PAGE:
About The Craftsman
Devoted father or merciless killer?
His secrets are buried with him.
Florence Lovelady's career was made when she convicted coffin-maker Larry Glassbrook of a series of child murders 30 years ago. Like something from our worst nightmares the victims were buried...ALIVE.
Larry confessed to the crimes; it was an open and shut case. But now he's dead, and events from the past start to repeat themselves.
Did she get it wrong all those years ago?
Or is there something much darker at play?
My review of The Craftsman
The Craftsman is a dark, disturbing and beautifully seductive read that I devoured in just a few short sittings. It's a book about life in a small rural Lancashire community, about the strength of women, and that overwhelming sense of how community can both suffocate and alienate those with differing views. I loved this book.
The book works on two timelines, present day narration set in 1999, and a story from 1969. Both stories take place in Pendle, Lancashire, and feature Florence, the young police constable who then goes on to become an Assistant Commissioner. Florence is the character who joins the past to the present day events, together with Larry, the man whose funeral she attends in 1999. The man who was convicted of child murders. But the book asks, was it really him? As I read the story from the past I was convinced that Larry was indeed the killer, but, as I progressed through the book, towards the present day, I wasn't so sure.
This book has a wonderful maleavelance about ir. From the subject matter of the coffin maker, the dark and foreboding Pendle landscapee, and the historic reworking of the Pendle witches; the imagery that is conjured up while reading this book is in keeping with the people who live there. They are bound together. And, even though Flora left the area over thirty years previously, she finds herself drawn back to Pendle, to the home in which she lived, and to Larry Glassbrook.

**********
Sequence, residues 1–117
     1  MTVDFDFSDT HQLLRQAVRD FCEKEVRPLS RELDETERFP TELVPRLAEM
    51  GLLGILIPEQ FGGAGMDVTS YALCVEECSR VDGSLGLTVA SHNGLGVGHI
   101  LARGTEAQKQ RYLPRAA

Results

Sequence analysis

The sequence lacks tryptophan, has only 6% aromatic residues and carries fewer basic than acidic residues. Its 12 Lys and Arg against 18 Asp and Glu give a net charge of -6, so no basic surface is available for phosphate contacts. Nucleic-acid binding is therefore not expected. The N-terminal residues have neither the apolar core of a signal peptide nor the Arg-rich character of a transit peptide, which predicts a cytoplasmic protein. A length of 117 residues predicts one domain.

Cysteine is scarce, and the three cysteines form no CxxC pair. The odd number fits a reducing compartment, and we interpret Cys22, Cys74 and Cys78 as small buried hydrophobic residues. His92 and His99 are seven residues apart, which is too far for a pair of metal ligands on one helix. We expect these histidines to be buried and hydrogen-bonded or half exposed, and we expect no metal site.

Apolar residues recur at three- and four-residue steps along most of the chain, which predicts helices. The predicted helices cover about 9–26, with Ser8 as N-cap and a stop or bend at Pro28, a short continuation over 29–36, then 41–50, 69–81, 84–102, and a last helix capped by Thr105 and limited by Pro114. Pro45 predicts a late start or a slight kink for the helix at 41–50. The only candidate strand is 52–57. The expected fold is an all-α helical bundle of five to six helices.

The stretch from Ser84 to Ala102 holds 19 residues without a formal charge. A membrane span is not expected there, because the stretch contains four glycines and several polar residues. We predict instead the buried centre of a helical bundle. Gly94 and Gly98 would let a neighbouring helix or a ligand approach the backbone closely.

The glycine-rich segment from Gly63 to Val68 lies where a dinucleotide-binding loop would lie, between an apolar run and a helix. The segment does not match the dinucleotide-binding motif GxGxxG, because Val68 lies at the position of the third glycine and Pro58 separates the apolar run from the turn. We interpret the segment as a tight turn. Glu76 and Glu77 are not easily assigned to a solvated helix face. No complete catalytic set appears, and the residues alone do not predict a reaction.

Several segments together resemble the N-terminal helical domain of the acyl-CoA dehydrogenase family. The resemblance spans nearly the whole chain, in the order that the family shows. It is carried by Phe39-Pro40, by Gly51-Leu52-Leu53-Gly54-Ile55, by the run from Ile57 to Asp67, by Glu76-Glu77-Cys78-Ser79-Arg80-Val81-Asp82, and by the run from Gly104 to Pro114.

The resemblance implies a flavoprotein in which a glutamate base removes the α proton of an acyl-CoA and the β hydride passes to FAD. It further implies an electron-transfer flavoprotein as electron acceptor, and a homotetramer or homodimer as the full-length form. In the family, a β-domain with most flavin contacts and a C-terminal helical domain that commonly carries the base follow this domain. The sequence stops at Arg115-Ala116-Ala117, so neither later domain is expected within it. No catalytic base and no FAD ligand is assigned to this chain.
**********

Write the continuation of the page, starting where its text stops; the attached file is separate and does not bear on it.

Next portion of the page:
In 1969 Florence finds herself in the middle of an investigation involving a missing 13-year-old girl called Patsy Wood. It is during this investigation that we truly get a sense of the way in which women are viewed in the village, and especially within the local police force. Florence was very much seen as the token girl who was placed there to make the tea.
We also know that something bad happened to Florence in the summer of 1969. And that she is also in danger now, as is her teenage son. This creeping sense of unease is steeped in every page, that sense that something bad had happened and would happen again. It's dark and seductive and propels you along.
This really is an addictive, powerful and emotive read, that focuses upon the strength of women. I loved it!
The Craftsman is published on May 3 by Trapeze and can be found on Amazon here.
With thanks to the publisher and NetGalley for the Advanced Reader Copy.